For more than two weeks, Saudi Arabia denied any role in the disappearance of Washington Post journalist and dissident Jamal Khashoggi after he entered its consulate, above, in Istanbul on Oct 2 to collect some documents ahead of his marriage with his Turkish fiancée Hatice Cengiz.
The consulate insisted that Khashoggi left soon after gathering the papers but failed to produce any video clip to support the claim.
The narrative changed after Turkish media focused on audio tapes with investigators that “proved” Khashoggi was “murdered” in the Saudi consulate.
Besides the tapes, investigators found DNA evidence on the ground floor of the consul general’s residence where Khashoggi’s body was said to have been taken. Following this, their search extended to a forest in Istanbul.
The investigators also questioned Turkish employees at the consulate including the driver, searched the consular van that carried Khashoggi’s body and examined video footage captured by CCTV cameras at the consulate, consul general’s home and Istanbul international airport.
Maybe, after realising that Turkish investigators were inching towards the truth behind Khashoggi’s disappearance, Saudi Arabia announced on Friday (Oct 19) that Khashoggi “died” in a “fist fight” with some members of a Saudi team at the consulate soon after his arrival.
France, Britain, Germany, Australia, Canada, the EU and UN were not convinced by Riyadh’s belated admission. They wanted to know the whereabouts of Khashoggi’s body.
Amid growing scepticism, an unidentified Saudi official told Reuters on Oct 20 that Riyadh remained tight-lipped on the Khashoggi case because the initial information from within was misleading prompting the authorities to order a thorough investigation. The probe is still going on and Riyadh probably thought it the right time to divulge the crucial fact emerging from the investigation so far.
According to the official, the 15-member Saudi team went to Istanbul as part of a campaign to persuade dissidents staying overseas to return to their homeland instead of acting like tools for the kingdom’s enemies.
According to a standing order, members of such mission were giving some powers to act on their own instead of seeking Riyadh’s instructions and approval at every step.
In Khashoggi’s case, some team members overstepped the orders by turning violent and using force leading to his death. According to the official, the team had no intention to kill Khashoggi.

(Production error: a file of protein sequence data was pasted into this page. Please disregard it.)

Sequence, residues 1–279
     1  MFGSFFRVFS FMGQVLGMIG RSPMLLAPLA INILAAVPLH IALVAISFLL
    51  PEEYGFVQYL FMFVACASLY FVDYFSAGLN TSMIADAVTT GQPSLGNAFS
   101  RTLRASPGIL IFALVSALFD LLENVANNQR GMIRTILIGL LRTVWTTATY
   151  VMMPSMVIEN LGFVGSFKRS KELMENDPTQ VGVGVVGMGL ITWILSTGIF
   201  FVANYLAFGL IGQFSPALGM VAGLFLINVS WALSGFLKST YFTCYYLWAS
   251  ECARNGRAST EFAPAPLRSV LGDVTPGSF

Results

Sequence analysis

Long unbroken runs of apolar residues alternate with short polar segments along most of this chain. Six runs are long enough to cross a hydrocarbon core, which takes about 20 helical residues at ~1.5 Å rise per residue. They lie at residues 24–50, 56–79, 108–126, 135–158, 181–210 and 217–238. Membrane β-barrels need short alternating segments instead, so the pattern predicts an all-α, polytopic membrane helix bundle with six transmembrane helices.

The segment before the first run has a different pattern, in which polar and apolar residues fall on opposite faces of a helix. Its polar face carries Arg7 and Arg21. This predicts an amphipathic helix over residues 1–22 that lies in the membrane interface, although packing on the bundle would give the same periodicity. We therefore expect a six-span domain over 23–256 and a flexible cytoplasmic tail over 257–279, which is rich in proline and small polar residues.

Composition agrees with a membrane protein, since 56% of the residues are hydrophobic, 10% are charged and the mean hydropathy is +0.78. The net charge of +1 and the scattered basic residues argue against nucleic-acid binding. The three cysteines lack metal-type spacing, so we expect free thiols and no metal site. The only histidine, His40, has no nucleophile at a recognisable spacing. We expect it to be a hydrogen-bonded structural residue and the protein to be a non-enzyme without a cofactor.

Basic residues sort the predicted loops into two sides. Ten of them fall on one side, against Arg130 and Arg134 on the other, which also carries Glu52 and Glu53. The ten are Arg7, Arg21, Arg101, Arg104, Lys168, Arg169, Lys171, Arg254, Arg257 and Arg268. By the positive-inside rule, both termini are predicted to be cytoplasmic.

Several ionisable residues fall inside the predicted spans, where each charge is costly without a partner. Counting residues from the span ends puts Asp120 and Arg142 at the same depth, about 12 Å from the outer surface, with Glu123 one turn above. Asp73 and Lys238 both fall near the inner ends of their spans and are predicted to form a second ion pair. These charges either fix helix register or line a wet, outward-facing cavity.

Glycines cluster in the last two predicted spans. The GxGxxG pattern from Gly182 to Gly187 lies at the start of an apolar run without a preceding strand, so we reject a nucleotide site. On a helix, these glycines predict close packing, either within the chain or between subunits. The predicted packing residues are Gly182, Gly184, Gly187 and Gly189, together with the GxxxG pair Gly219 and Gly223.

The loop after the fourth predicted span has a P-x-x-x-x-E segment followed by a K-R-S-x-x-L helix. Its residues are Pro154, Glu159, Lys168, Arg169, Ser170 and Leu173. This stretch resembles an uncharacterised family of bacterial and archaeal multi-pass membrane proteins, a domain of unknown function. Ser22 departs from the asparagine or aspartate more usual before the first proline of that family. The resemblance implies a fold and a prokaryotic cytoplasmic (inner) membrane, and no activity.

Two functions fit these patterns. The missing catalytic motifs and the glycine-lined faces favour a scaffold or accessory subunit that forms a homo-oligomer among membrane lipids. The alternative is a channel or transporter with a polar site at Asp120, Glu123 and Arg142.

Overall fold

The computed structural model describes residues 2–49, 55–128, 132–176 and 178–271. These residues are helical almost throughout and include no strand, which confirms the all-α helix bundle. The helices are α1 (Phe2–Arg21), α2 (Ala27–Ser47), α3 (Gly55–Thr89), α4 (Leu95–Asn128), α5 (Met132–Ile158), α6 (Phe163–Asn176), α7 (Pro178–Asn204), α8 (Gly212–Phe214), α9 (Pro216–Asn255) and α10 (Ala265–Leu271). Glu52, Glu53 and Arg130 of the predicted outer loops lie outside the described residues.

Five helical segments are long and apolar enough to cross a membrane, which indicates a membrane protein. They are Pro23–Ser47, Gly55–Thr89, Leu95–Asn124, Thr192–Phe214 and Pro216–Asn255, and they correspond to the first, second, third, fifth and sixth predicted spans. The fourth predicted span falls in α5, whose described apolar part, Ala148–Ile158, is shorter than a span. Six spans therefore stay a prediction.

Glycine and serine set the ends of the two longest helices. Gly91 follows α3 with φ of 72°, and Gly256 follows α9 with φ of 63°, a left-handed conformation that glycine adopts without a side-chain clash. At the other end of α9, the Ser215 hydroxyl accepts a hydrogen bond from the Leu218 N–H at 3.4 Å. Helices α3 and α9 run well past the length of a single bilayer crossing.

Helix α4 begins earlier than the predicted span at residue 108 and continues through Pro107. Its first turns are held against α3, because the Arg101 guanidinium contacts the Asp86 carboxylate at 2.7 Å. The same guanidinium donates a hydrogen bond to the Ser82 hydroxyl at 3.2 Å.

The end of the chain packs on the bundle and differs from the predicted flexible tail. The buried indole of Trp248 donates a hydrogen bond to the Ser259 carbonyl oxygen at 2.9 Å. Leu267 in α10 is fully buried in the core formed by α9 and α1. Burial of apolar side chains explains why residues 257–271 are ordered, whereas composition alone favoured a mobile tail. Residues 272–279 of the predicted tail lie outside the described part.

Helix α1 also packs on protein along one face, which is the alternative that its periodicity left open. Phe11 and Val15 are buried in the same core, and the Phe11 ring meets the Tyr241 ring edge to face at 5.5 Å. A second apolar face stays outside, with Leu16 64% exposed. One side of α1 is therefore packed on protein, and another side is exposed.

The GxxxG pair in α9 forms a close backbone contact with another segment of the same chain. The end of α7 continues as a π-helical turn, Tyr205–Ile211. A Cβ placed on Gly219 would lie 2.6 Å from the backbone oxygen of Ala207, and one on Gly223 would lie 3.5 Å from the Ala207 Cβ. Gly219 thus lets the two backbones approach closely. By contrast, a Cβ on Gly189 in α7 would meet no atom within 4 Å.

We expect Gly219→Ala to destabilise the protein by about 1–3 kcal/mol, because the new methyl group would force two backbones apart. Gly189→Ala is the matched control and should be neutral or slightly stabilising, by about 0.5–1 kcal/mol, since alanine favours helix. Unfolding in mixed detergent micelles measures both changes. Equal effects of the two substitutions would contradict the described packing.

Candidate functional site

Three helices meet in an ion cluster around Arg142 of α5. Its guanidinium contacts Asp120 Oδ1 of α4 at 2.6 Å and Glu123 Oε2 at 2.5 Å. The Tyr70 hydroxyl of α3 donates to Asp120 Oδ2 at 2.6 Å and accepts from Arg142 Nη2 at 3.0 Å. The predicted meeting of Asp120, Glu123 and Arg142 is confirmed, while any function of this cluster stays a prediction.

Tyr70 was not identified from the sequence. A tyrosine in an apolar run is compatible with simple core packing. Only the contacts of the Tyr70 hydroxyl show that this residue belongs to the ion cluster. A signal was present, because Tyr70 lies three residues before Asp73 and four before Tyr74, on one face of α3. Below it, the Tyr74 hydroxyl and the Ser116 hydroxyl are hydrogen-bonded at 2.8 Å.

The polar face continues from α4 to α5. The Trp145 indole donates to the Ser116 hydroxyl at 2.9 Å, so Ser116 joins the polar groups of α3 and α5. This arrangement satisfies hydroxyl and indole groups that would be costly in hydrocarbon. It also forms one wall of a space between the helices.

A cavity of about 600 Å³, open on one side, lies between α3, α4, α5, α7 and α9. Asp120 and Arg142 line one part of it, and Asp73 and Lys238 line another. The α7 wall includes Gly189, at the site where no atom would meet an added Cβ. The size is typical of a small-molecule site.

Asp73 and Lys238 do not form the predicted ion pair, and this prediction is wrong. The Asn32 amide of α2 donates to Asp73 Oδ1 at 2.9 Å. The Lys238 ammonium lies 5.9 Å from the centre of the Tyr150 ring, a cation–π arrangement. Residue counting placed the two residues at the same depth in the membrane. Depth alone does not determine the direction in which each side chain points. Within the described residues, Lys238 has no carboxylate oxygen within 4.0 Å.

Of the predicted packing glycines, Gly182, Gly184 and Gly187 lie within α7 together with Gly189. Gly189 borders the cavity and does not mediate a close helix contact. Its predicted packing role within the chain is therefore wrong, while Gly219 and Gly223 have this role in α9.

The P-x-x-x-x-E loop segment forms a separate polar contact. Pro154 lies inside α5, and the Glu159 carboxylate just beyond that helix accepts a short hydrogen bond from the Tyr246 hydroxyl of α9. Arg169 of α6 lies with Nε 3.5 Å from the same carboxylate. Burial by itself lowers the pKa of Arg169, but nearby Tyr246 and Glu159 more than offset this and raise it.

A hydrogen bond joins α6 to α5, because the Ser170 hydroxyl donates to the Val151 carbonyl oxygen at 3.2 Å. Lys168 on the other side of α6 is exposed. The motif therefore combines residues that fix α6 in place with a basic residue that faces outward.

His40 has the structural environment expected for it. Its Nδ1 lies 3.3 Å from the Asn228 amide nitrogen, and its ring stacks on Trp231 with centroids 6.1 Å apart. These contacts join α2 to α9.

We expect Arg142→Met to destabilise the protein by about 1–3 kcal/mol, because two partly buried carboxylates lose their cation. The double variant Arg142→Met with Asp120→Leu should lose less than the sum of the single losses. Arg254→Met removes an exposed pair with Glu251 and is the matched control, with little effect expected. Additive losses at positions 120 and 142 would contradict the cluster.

But things went out of control when Khashoggi raised his voice after being told he would be drugged and kidnapped if he did not quietly return to Saudi Arabia.
To prevent the dissident from making a big noise, some members of the team placed him in a chokehold and covered his mouth. Unfortunately, the 59-year-old Khashoggi died.
According to the official, the team’s plan was to move Khashoggi to a safe house in Istanbul for “a period of time”. If he still refused to return to Saudi Arabia, the 15-member team would fly back to Riyadh after making arrangements to free him.
He said Khashoggi’s body was rolled up in a rug and handed over to a local “co-operator” for disposal.
Turkey does not think it was a mission that went horribly wrong. They believe the events that unfolded at the Saudi consulate on Oct 2 were scripted and the Saudi team was authorised to use force.
While the unidentified official described the 15 members in the Saudi mission as “negotiators”, Ankara said they were members of an “assassination squad.”
After the official’s long explanation, Saudi Foreign Minister Adel al-Jubeir gave another dimension to the story by telling Fox News on Sunday that Crown Prince Mohammed bin Salman had no role in Khashoggi’s “murder.”
According to al-Jubeir, this “rogue operation” was conducted by individuals outside the scope of their authority. Senior leadership of Saudi intelligence service was not aware of this plot. The individuals behind it made a “tremendous mistake” by trying to cover up the crime.
He said Riyadh is clueless about Khashoggi’s body. Riyadh’s three explanations on the slain journalist failed to convince many world leaders over their silence or lack of clarity on the whereabouts of his body.
As Saudi Arabia keeps changing the narrative on what happened to its dissident at the consulate, the world is waiting for the truth to emerge.
Did the Saudi Crown Prince order the Istanbul operation to eliminate one of his harshest critics?
Al-Jubeir says those behind Khashoggi’s killing will be punished. Will he stick to that stand if the real culprit happens to be Mohammed bi Salman?
On October 23 (Tuesday), Turkish President Recep Tayyip Erdogan is expected to reveal full details of the Khoshoggi case. Announcing this on Sunday, Erdogan said Turkey seeks justice and opposes any cover-up.
If Turkish media’s conclusion on Khashoggi’s case is true, it will have serious legal consequences. Saudi Arabia will have to answer some hard questions if Riyadh plotted his murder.
Being an oil-rich country, Saudi Arabia enjoys certain advantages . Although US President Donald Trump is not convinced by its explanations on Khashoggi, he still wants the arms sales to the kingdom to go ahead.
But a society, however affluent it be, is third class if it kills some citizens just because they have a different point of view. Saudi Arabia is no exception.